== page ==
Friday, April 15, 2016

Standing in Grace

April 15, 2016

One of the great affirmations in the Bible is St. Paul's declaration in Romans  5:1-2 in which he says, "Since we have been justified, by faith we have peace with God through our Lord Jesus Christ. Through him we have also obtained access by faith into this grace in which we stand, and we rejoice in hope of the glory of God."

I've already commented on the first verse in which I believe the translators misplaced the comma, placing it after the word "faith" instead of after the word "justified." Placing the comma where they do implies that we are justified by something we do, namely believing. Paul insists that justification (being made right with God) is solely on the basis of what Christ did for us in dying for our sins. My faith has nothing to do with what God accomplished on the cross. It can neither add nor detract from Christ's atoning work. What faith does do is it gives me peace. Instead of condemnation, I have the assurance that God has made things right.

In the second verse, Paul reveals us a second benefit that comes from trusting in Christ: we have access to grace that causes us to rejoice in hope. I left out a phrase. Paul says, "Faith gives access to the grace in which we stand." It is those last four words that draw my attention tonight. Grace is our only hope. If my hope of being right with God depends on my getting life right, I am in big trouble. I cannot go through a single day without making a mess of something or other. If it's not an ill-advised word, it's a wrong attitude. If not a wrong attitude, it is an obviously sinful or selfish deed. I could go on, but you get the picture. The most common word in the Bible for sin means literally, "to miss the mark." It's a military term. We aim for the target, hoping to hit it, but we miss. I miss the mark constantly. I'm always falling short. In short, I need grace. Daily. Hourly. And God freely gives it.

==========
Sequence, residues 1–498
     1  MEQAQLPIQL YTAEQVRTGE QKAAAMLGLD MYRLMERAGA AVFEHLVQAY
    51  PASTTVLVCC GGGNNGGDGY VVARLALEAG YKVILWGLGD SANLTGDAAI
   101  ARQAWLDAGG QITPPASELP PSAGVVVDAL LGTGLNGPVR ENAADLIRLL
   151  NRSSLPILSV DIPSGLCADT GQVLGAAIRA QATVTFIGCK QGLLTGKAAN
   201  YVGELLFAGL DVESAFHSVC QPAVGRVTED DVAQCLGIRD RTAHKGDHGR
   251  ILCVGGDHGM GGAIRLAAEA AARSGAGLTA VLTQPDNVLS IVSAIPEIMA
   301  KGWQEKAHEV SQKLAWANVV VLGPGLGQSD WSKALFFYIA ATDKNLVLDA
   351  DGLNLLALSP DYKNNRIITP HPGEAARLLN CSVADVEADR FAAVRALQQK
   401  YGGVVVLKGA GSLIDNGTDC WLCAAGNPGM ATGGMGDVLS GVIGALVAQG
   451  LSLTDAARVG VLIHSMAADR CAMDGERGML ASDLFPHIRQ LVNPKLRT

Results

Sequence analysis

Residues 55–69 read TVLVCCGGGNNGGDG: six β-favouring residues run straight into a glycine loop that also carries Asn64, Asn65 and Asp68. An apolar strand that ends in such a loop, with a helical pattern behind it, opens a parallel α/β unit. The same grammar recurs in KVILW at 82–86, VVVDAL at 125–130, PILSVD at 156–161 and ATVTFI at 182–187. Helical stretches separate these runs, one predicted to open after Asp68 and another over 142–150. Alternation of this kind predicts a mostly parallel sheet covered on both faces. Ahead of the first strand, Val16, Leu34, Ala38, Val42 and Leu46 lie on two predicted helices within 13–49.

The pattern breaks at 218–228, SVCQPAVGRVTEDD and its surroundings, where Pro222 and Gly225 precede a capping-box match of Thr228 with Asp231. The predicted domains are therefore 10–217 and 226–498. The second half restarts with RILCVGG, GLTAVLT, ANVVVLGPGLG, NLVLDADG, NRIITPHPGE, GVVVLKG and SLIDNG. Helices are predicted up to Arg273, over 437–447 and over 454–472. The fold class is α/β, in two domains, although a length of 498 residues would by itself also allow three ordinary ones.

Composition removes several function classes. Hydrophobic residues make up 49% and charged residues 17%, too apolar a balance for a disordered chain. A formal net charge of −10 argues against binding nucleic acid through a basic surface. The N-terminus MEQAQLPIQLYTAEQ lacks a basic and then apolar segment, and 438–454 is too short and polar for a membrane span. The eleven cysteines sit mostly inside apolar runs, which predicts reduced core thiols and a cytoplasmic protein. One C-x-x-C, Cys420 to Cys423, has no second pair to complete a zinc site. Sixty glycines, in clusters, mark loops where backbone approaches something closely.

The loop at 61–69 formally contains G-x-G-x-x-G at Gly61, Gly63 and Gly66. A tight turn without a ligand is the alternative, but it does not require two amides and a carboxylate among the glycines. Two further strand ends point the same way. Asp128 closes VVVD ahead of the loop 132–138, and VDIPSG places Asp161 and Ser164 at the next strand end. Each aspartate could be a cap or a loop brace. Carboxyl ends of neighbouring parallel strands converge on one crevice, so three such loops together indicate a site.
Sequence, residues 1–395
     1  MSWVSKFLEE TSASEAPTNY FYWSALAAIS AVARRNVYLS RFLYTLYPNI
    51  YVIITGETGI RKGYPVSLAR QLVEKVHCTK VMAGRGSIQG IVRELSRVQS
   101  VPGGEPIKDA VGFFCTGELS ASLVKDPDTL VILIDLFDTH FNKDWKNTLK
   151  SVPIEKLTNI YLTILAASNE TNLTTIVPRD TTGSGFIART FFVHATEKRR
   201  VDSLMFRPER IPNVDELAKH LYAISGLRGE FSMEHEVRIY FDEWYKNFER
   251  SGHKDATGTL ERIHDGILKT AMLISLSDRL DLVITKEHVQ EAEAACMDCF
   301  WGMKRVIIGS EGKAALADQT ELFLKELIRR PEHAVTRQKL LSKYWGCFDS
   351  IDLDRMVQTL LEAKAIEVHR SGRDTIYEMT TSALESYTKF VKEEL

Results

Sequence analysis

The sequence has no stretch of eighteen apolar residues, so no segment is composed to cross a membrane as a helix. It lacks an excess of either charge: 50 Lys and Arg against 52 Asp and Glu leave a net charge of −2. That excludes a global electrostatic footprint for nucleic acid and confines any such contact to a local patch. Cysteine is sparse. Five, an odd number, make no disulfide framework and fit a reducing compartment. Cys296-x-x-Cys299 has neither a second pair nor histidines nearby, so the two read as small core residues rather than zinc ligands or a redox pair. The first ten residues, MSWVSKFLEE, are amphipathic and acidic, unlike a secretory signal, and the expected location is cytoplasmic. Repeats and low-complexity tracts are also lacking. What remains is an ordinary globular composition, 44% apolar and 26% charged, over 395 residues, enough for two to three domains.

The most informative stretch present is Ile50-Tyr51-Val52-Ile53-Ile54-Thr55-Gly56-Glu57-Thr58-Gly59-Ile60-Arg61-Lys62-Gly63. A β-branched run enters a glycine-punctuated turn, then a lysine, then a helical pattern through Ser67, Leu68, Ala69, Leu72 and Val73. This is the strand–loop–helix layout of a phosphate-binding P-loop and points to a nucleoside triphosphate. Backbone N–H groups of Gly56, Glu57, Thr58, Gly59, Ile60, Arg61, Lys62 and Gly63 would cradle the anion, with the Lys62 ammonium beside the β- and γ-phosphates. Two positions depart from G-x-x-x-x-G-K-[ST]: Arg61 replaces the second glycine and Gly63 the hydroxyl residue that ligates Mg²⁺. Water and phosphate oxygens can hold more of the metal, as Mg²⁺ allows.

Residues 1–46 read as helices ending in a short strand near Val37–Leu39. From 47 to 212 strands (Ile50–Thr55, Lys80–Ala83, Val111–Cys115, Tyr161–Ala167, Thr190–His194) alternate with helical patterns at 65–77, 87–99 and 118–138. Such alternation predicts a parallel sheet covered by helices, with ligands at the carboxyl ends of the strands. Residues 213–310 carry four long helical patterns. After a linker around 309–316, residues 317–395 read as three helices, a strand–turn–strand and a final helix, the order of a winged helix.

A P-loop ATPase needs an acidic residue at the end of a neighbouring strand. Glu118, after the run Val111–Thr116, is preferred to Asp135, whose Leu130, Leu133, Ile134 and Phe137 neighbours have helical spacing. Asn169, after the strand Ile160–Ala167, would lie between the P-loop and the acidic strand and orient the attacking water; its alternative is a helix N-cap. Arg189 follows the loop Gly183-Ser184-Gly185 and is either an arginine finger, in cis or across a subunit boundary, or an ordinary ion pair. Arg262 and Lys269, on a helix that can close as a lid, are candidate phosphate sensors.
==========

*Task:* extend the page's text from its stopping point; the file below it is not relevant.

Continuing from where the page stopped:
But here's the catch: I must stand in it. He didn't say "grace in which we sit." In Bible times, to sit down meant the work was done, or that you were in a position of authority. When it comes to grace, the need is never done, and I certainly don't have the authority to demand God's favor. That's why it's called grace; God freely gives better than we deserve.

He also didn't say, "grace in which we lie down." In the 23rd Psalm, God makes us to lie down in green pastures, giving us rest, but here, we don't lie down and do nothing. Although grace is freely given, we can't afford to lie down on the job. We must stand firm against the assault of the Enemy, against doubts and fears, against temptations, and we are enabled to do so because of grace. Tonight, I am grateful for this word from God. It just popped into my head this morning, and I've been thinking on it all day. I stand in grace, firm in faith, trusting not in my ability to beat the devil or even my own weaknesses, but instead, trusting in the goodness and grace of God to forgive, strengthen, and guide every time I need it.

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